The NNSA laboratories the "weapons labs" have an obvious and heavy responsibility to protect information that has serious national security implications. For the non-NNSA laboratories, the Department of Energy must decide how the agency will handle security-related work. This is a complicated issue because some of these laboratories, particularly the so-called multi-program laboratories, have become major contributors to areas of science that are widely acknowledged to be important for sustained economic competitiveness. These laboratories operate large user facilities needed by researchers in universities, industrial laboratories, and other federal agencies. It is essential that they be operated in such a way as to provide broad and efficient access to these user facilities.

International leadership in science requires close interaction with international scientists. To the extent that policies in national laboratories inhibit interaction with the world scientific community, they fail to achieve key objectives of the national laboratory mission. It is not necessary to have the same security arrangements in every laboratory to accomplish the missions of national security and scientific leadership, and it may even be impossible to accomplish them together without substantial differentiation of such arrangements among laboratories.

Visas -- I have written at length about the visa situation, and do not have anything to add. Later today a representative from the State Department will speak to this situation with considerably more expertise than I have. My assessment of the visa situation is contained in my talk at the AAAS April 10 policy colloquium, mentioned above.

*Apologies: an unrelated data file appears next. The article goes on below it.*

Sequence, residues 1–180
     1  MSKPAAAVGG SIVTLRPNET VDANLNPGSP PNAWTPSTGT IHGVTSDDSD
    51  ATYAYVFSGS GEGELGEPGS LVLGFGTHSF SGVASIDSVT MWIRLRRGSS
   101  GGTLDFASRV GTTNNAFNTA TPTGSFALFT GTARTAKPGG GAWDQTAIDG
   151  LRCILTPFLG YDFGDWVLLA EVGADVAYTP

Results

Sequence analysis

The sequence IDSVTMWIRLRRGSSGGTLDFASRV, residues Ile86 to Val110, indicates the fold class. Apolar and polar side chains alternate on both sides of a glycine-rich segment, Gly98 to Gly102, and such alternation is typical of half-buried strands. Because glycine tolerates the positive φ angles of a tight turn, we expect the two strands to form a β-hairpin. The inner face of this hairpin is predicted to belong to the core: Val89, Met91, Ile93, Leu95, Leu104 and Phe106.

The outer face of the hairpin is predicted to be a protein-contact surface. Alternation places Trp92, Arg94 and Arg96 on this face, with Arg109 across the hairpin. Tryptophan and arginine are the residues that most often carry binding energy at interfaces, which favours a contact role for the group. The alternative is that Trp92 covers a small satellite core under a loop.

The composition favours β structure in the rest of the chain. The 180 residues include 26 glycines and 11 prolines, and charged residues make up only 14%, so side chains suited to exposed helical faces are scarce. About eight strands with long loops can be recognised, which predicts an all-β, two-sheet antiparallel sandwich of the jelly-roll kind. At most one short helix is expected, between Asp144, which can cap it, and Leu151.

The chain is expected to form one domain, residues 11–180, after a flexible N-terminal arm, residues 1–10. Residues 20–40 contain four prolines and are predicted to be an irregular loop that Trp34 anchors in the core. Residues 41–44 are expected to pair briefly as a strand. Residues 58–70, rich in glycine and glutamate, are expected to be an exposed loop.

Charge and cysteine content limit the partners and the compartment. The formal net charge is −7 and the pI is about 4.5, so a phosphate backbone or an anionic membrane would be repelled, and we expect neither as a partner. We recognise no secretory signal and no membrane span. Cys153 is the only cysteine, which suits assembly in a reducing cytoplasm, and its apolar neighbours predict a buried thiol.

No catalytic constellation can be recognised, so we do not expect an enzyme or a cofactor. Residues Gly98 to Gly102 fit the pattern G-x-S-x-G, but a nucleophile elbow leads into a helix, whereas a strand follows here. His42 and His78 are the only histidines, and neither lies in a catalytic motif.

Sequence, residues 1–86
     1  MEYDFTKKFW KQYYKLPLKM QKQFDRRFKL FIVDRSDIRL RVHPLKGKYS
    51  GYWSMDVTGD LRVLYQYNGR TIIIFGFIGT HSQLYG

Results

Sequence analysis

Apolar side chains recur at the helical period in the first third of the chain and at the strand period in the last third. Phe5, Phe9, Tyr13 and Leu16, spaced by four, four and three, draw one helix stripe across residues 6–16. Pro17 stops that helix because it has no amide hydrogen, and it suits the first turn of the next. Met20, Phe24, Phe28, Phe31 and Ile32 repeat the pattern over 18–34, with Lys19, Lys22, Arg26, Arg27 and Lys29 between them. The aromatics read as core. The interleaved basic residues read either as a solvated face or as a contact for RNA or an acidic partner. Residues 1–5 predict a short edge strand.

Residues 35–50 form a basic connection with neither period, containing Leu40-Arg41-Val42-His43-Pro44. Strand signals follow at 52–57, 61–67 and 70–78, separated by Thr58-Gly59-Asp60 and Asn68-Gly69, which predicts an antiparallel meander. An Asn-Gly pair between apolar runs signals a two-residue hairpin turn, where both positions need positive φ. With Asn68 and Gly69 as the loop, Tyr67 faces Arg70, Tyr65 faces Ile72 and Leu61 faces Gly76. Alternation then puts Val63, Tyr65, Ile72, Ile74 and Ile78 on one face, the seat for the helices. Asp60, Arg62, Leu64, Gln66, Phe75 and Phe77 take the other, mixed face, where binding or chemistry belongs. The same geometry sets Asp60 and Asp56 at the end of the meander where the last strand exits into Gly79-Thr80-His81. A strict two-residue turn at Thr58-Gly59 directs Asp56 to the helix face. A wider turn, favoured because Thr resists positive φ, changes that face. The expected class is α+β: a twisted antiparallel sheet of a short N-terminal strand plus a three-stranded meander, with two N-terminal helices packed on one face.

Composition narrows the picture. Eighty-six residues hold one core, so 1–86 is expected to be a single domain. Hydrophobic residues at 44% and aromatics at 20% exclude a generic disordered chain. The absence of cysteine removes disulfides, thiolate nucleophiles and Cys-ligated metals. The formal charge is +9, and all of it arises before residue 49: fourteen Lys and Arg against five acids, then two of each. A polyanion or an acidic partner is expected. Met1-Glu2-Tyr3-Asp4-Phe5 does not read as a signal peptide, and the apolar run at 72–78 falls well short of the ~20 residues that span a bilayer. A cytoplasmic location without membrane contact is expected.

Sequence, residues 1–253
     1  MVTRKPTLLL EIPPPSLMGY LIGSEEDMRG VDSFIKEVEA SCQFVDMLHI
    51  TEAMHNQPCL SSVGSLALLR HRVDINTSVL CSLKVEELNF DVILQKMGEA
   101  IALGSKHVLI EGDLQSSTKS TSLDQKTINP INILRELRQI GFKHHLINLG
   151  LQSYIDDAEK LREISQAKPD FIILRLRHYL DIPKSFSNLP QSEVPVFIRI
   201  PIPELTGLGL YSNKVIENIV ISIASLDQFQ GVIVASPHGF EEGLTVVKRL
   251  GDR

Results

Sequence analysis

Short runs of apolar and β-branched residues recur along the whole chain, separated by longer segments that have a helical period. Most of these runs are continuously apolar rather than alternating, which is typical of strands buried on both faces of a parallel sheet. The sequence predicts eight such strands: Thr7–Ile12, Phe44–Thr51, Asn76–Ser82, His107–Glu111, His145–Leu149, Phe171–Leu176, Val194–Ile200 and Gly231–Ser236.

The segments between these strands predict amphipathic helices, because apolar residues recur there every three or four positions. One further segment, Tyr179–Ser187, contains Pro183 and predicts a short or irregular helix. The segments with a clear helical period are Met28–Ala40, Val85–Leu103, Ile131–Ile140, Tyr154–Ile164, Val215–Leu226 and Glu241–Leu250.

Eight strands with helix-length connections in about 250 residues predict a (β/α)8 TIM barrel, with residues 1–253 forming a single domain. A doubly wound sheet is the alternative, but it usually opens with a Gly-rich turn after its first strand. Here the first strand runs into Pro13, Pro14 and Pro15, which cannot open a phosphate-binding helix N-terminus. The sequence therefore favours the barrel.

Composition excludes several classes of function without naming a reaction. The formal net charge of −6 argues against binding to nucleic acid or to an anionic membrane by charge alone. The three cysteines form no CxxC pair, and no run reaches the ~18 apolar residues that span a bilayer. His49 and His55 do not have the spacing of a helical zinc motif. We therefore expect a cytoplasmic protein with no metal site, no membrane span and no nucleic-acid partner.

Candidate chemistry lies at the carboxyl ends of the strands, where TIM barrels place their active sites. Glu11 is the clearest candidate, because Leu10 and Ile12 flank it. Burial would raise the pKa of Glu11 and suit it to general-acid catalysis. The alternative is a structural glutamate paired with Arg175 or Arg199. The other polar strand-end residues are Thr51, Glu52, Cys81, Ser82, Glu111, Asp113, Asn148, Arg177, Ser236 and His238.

The long delays in issuing visas to scientists and students appears to be having a significant impact on the U.S. science enterprise. It would be important to have better ways of describing this impact that would inform all parties, including Congress and the American public. Reducing the delays will require major attention from the Departments of State, Justice, and Homeland Security. My office continues to work with all relevant parties to identify specific actions that can be taken to reduce backlogs and make the overall process more efficient.

We are interested in ideas for how the current visa system might be re-engineered for greater efficiency, but keep in mind that this system is sharply constrained by statute, and major changes will likely require action by Congress. The technical and higher education communities can assist the introduction of improved practices by helping to inform Congress and the American public regarding the impacts of the current system, and the advantages of improving it.


Source: OSTP